An ancient symbol of protection was given to Rugby’s Police and Ambulance Service by a local Hindu group.

Members of Hindu Swayamsevak Sangh and Balgokulum visited the Rugby Police Station on Newbold Road to tie a Rakhi to the Police and Ambulance personnel’s  wrists as part of the festival of Rakhsha Bandhan.

The Rakhi, a simple but colourful thread traditionally tied to the brother by the sister, represents the community binding together and helping each other in times of need.

Children from the group were treated to sitting in the Police and Ambulance vehicles at the station and given an insight into the day to day life of the emergency services.

The visit culminated in the distribution of chocolates, symbolising the group’s acknowledgement and respect for the immense sacrifices the fire services make for the community – and vowing to help if they are ever called upon. The firefighters were also presented with a scroll.


Hindu Swayamsevak Sangh and Balgokulam – who undertake community projects such as painting parts of St Cross Hospital and raising money for a vein scanner – meet weekly for physical and mental exercises mixed with cultural values. Meetings are open for all to attend.

A scroll was presented to the Police and Ambulance Service describing in more detail the significance of the gesture/festival:-


Raksha Bandhan

(Pronounced Ruck-shaa Bun-dun )


This Hindu Festival traditionally sees the sister tie a decorative string called a Rakhi (pronounced Raakhee) on the right-hand wrist of her brother. The brother, in turn, takes a vow to love, protect and help the sister in times of need. The Sister also feeds a sweet to the brother symbolising that their relationship will be joyous and full of fun.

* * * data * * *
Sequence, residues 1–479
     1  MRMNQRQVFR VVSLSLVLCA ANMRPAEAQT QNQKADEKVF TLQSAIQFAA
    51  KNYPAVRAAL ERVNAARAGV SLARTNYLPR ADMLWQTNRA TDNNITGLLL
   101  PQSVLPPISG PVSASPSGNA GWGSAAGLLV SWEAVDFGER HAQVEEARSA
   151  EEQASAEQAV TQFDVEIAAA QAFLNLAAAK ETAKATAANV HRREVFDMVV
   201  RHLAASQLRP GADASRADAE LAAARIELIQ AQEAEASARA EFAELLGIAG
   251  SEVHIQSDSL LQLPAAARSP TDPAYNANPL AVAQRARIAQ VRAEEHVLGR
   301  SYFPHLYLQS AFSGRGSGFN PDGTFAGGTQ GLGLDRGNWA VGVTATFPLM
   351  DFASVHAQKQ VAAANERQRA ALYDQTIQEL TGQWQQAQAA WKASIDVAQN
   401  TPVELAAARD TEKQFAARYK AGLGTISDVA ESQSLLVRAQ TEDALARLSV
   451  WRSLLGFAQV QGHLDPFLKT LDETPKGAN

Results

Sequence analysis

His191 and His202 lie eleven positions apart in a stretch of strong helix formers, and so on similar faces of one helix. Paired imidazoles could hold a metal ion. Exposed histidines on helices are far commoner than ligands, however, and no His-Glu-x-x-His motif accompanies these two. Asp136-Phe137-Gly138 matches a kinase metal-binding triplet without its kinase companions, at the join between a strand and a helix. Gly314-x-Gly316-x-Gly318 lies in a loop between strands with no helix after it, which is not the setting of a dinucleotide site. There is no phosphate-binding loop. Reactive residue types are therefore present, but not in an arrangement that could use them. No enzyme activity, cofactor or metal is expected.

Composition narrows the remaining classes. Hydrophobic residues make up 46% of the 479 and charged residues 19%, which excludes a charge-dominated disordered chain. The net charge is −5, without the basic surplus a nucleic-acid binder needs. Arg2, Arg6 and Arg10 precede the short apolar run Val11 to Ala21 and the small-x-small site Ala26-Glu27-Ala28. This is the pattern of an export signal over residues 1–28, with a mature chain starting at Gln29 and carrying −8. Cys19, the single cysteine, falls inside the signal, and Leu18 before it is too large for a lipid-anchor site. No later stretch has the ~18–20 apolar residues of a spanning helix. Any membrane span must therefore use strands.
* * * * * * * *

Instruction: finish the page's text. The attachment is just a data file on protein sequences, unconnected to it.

Every year, we Hindus in Rugby take the opportunity to tie a Rakhi to the Mayor who represents the local community where we take a vow to serve in any capacity we can. Over the years, we have raised thousands of pounds for local causes and we even have a ‘Sewa Day’; a day specially dedicated to provide physical help to people or organisations that need it without expecting anything in return.

This year we want to share this wonderful meaningful festival with those who risk their lives daily for the protection of ordinary people, especially in these troubled times. Who can forget those Grenfell Tower firefighters who entered the ill-fated building with toxic fumes and falling debris so that they can save others or PC Keith Palmer who challenged the terrorist outside the Houses of Parliament. Had he not intervened, there could have been more bloodshed but he helped prevent an affront to democracy. We also remember the Ambulances that rushed to the Manchester attack scene from all corners of the country so that they can save the lives of those affected.


We want to imbibe those values in our young so that they can follow the example of the Taxi Drivers who took the concert goers to their homes without charging or like the homeless man who offered comfort to those injured in the blast or perhaps just someone who can cheer up lives of the less fortunate.

 By tying this Rakhi to you, we are thanking you for all that you do for us and in turn, we are taking a vow to try and serve the community as you do and learn from all the immense contribution you make to make our lives safer.

 There is a famous Hindu saying – Dharmo Rakshathee Rhakshithaa (‘by protecting our values, those values help protect us’).